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Are EVs Dreamliners or Dream Cars?

January 18, 2013

Safe at any speedWith all the problems with Boeing’s Dreamliner 787 lithium-ion batteries, it’s fair to question the performance and safety of EVs Li-ion batteries.  For the uninformed, regulators around the world joined the United States in grounding Boeing’s 787 Dreamliner passenger jets while battery-related problems are investigated.

Boeing’s technical prowess and FAA’s certification requirements are demonstratively superior and more rigorous than the auto industry, EPA and National Highway Traffic Safety Administration. According to Forbes [1], “The auto industry sold around 14.5 million units last year (2012). Meanwhile, according to their research culling through federal notices and manufacturers’ releases, automakers recalled over 14.3 million current and past models during 2012.”

The article points out: “Toyota voluntarily recalled nearly 5 million Toyota, Lexus and Scion models…..” “…..Honda initiated programs for over 3.4 million Honda and Acura vehicles.” “General Motors recalled nearly 1.3 million cars and trucks…..” “Ford recalled over 1.1 million vehicles…..” “…..Ford recalled a brand-new model, the redesigned-for-2013 Escape crossover SUV, three separate times shortly after its release, all for potential engine fires.” “Virtually all automakers–including exotic brands like Rolls-Royce, Lotus and Lamborghini–had at least one recall issued during 2012.

Makes one wonder, if more conventional technologies are plagued with field related problems, what one can expect with a truly cutting-edge technology. Especially with a technology like Li-ion batteries that experienced some catastrophic failures with several consumer electronic products. Take that to the extreme where more power is packed in a smaller package with new chemistry and operated in all sorts of climatic zones by owners who for the most part are relatively inexperienced with suggested EV battery management practices.

There are three major concerns with EV batteries:
1) Will the batteries achieve EPA’s miles per charge rating?
2) Will charge life drop over time?
3) Can the batteries experience catastrophic failure such as catching on fire or exploding?

The first two concerns are inextricably bound together. Owners of Li-ion powered devices such as cell phones and laptops clearly understand these issues. The halls resonate with “where did they get these ratings from, mine don’t even come close,” “where is a socket, my batteries are almost dead,” and “it’s time for a new battery,” or in the case of iPhone users, “time to upgrade.” Pick these apart all you want, but at the end of this is a way of life for owners of Li-ion devices.

To preserve battery life, owners need to adopt good battery management practices. Plugin Cars gave these eight tips to extend electric vehicle battery life [2]:

• Avoid full charging when you can. • For pure electric vehicles, avoid deep discharging your battery pack.

• For plug-in hybrids, consider “mountain-mode” or exiting EV-mode at key times. • Use timers to minimize the time spent at a high state of charge.

• On a hot day, try to park in the shade. During the winter, park in a garage, rather than on the street.

• If your electric vehicle has thermal management and the weather is extreme, plug in whenever you can.

• Plan ahead for periods of extended storage . To maximize battery life, minimize use of DC quick-charge.

Great suggestions but impractical at best! Charging gauges in vehicles need to be relabeled to indicate: JERK at full charge and IDIOT at full discharge. Vehicles need to be programed to beep the horn and flash the lights when parked in the sun or stored for a length of time in a high state of charge (beeping will help to discharge batteries, but hopefully won’t fully dischage). When quick-charging an audible warning signal will speak out: “Danger, Danger! – Mr. / Ms. Smith.”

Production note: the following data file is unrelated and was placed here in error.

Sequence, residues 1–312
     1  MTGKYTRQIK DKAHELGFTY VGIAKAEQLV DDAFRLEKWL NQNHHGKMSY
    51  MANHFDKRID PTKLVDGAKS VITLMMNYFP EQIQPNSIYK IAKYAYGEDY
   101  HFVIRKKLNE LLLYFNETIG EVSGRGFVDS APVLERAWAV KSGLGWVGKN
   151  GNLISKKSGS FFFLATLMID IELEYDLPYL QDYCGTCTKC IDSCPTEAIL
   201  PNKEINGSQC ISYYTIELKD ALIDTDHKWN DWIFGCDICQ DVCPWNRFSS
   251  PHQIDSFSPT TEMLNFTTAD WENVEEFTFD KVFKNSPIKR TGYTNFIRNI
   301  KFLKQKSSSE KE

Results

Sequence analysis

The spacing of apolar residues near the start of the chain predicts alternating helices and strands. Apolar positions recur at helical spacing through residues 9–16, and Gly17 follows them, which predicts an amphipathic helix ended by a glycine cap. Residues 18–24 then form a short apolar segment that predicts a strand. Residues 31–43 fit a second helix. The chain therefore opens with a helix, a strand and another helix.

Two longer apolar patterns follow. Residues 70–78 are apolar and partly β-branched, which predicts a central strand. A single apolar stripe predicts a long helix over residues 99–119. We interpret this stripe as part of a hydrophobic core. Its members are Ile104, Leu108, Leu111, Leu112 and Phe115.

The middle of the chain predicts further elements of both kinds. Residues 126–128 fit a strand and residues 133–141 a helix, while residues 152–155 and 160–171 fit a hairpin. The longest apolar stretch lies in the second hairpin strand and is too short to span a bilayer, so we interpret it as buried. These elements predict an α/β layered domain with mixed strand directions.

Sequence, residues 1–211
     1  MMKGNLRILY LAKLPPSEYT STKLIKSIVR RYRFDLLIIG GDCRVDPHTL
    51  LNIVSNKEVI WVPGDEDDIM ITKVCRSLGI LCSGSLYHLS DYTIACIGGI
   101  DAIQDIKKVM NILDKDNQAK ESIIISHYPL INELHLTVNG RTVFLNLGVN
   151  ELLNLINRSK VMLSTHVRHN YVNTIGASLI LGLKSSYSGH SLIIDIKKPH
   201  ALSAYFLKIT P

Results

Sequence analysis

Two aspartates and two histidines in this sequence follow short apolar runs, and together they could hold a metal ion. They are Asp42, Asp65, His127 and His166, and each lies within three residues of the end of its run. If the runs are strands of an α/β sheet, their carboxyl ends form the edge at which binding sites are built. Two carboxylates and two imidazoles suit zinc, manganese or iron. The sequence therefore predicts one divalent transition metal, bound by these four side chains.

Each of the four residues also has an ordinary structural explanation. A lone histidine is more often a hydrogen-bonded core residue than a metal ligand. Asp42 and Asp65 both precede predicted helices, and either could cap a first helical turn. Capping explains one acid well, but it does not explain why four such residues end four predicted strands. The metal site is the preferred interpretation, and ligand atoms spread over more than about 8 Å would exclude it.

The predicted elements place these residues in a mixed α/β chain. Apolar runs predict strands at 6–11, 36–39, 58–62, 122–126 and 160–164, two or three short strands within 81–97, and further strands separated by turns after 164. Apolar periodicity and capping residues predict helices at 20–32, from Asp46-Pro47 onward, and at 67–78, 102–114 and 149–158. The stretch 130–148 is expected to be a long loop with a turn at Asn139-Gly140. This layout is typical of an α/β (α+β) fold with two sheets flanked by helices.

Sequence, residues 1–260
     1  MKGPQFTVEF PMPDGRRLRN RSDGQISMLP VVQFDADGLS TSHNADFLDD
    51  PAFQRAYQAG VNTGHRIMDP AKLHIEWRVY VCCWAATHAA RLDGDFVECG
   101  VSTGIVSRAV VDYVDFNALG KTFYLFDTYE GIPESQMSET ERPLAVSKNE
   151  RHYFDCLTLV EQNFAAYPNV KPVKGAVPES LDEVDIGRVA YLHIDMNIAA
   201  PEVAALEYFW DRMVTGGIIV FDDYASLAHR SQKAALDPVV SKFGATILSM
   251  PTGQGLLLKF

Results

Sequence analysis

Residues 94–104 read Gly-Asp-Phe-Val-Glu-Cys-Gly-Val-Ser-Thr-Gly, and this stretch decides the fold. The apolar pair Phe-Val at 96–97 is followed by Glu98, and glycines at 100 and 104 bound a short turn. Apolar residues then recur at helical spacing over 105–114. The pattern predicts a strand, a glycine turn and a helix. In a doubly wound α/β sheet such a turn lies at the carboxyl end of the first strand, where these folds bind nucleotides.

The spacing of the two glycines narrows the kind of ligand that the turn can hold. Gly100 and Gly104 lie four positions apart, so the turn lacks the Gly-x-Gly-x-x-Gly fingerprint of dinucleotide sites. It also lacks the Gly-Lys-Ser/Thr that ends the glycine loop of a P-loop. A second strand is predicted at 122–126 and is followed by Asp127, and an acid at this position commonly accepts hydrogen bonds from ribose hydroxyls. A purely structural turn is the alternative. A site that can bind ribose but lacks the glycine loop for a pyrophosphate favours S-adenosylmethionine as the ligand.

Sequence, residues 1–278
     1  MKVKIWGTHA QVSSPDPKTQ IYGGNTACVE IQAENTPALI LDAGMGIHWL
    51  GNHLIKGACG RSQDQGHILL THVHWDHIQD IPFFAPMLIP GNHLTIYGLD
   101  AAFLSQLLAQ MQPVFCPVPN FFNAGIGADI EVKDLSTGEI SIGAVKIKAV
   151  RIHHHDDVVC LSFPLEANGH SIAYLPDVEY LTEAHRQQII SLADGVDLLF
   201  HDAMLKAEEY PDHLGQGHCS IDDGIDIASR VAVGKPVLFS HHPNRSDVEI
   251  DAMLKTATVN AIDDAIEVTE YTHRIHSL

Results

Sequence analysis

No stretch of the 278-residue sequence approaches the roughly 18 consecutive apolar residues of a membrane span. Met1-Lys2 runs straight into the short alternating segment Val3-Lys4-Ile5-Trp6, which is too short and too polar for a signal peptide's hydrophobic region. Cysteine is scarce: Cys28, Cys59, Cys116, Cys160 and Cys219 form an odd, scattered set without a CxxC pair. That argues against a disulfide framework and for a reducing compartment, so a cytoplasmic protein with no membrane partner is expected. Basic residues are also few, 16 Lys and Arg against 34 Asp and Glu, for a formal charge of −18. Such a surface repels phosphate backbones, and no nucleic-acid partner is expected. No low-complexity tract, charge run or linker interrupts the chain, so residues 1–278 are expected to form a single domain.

Autobloggreen recently reported: “Some hot Arizona weather is cooling some Nissan Leaf owners’ enthusiasm for their electric vehicles.   Nissan is addressing complaints from five Arizona owners of Leafs who say the electric vehicles are losing battery capacity at a faster rate than advertised, reported KPHO, CBS’s Phoenix affiliate.   Mark Perry, Nissan’s director of product planning, told KPHO that the automaker is investigating complaints from drivers who say the region’s heat is draining the EVs’ battery capacity. One Arizona driver said his single-charge driving range is down to 44 miles from about 90 miles a year ago, while another says that three of the car’s 12 battery-capacity indicator lights are already out, according to KPHO.”[3]

While a ¬NJ EV owner with 50,000 miles logged dispels myth of cold weather battery woes [4], “the Rocky Mountain Institute reported potential EV buyers should consider range and climate. If the miles you cover each day are predictable and/or less than 60 miles, an EV might work for you. Just like a typical car battery, an EV battery loses effectiveness in cold weather, so they work best in warm climates.”[5]

Concerns about EV battery susceptibility to catching on fire seem legitimate. The media sensitized the public in late 2011 when U.S. regulators investigated the safety of batteries used to power electric vehicles after a Chevrolet Volt caught fire following a routine crash test.

Fisker Automotive’s Karma hybrid EV sedan may be a different. “Last spring a model burnt to near smithereens and damaged its owner’s house, the Karma above caught fire in a Woodside, CA parking lot while powered off.” [6]

The company “analyzed the October 30 fire that destroyed 16 Karmas when Hurricane Sandy flood waters receded. After “a thorough investigation witnessed by NHTSA representatives”–that the cause was residual salt damage inside a Vehicle Control Unit submerged in seawater for several hours. Corrosion from the salt caused a short circuit in the unit, which led to a fire when the Karma’s 12-Volt battery fed power into the circuit.” [7]